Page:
NICE review of QOF to crack down on 'double counting'
By Lilian Anekwe
Exclusive: NICE plans to radically reduce the number of cardiovascular indicators in the QOF to avoid paying GPs twice for care in overlapping areas, Pulse can reveal.
The move follows growing disquiet among ministers at ‘double counting' in the QOF, with Pulse revealing in August last year that the Government wanted to cut down the number of ‘easy points'.
NICE is now examining ways of putting the clampdown into practice as part of its wide-ranging review into the cost-effectiveness of the QOF.
Jennifer Field, assistant director of costing at NICE, told delegates at the first national QOF consultation event in London last week: ‘What we don't want is double counting. We don't want to incentivise for care that's already being delivered elsewhere.
‘For example, patients being newly diagnosed with angina – you won't get paid for giving them statins if they are on statins for another condition.'
The Department of Health is also believed to be concerned about overlap between hypertension, coronary heart disease and diabetes indicators (see box, left), and has already moved to reduce double counting among smoking indicators.
Dr Kathryn Griffith, chair of the Primary Care Cardiovascular Society and a GP in York, said:
‘I can understand where they are coming from – if a patient is on the CKD register should you also get paid if the same patient is on the hypertension register? The problem is, the more conditions you have the more difficult you are to treat. But GPs don't get more if a point is more difficult to achieve.'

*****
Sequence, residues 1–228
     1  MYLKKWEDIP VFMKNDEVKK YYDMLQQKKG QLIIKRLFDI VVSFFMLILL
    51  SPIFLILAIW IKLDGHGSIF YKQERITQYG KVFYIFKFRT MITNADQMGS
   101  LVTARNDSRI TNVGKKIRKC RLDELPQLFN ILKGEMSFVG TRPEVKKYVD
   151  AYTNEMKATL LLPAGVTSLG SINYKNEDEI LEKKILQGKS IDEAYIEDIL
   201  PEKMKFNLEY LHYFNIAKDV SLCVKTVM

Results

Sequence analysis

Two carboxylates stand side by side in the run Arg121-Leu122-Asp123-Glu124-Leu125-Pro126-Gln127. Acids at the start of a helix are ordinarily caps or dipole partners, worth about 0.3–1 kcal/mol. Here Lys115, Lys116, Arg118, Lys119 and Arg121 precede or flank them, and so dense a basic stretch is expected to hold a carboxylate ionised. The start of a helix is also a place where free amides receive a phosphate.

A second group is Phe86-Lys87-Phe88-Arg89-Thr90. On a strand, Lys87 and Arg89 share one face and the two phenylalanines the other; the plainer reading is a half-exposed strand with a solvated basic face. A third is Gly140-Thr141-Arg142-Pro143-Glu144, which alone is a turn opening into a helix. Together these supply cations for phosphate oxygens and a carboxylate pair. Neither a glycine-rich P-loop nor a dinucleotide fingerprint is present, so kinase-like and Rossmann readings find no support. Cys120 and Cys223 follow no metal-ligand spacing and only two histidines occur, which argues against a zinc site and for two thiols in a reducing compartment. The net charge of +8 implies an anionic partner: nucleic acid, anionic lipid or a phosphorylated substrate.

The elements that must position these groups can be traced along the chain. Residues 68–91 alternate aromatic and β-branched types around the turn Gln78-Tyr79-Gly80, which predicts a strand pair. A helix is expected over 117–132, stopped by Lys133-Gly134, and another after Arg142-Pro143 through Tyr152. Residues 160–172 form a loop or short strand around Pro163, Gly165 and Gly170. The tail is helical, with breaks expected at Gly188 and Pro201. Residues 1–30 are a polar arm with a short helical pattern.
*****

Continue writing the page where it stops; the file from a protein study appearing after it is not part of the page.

GPC negotiator Dr Peter Holden warned the Government against trying to remove money from QOF funding without using it in other areas of general practice.
He added: ‘Double counting as it existed, for things like smoking status, has gone and there wasn't much in the first place. No part of the QOF is purely target-based – a lot of it is there to pay for the resources you need to provide care.'
Pulse has also learned that NICE will turn its attention to exception reporting under its review, and will consider scrapping it altogether or setting target thresholds at closer to 100%.
Advisory documents, given to NHS managers, recommend reducing the number of reasons for which patients can be exception reported and raising achievement thresholds for key clinical indicators.
‘One of the things we will be looking at is if we're not going to exception report patients, perhaps we should set the maximum threshold higher – at 90-95%,' Ms Field told delegates.
Catherine Jenkins, head of the quality team at the Department of Health, warned: ‘Exception reporting detracts from the net benefit of an indicator,' adding that indicators with high levels of exception reporting risked failing to meet cost-effectiveness criteria and being dropped from the QOF.
But Dr Paul Frisby, a GP at a practice in Eastbourne with three times the national average of elderly patients, said ministers failed to understand that exception reporting could sometimes be good for a patient's health. ‘Because it's looked on in a derogatory way it's not seen as representing good care,' he said.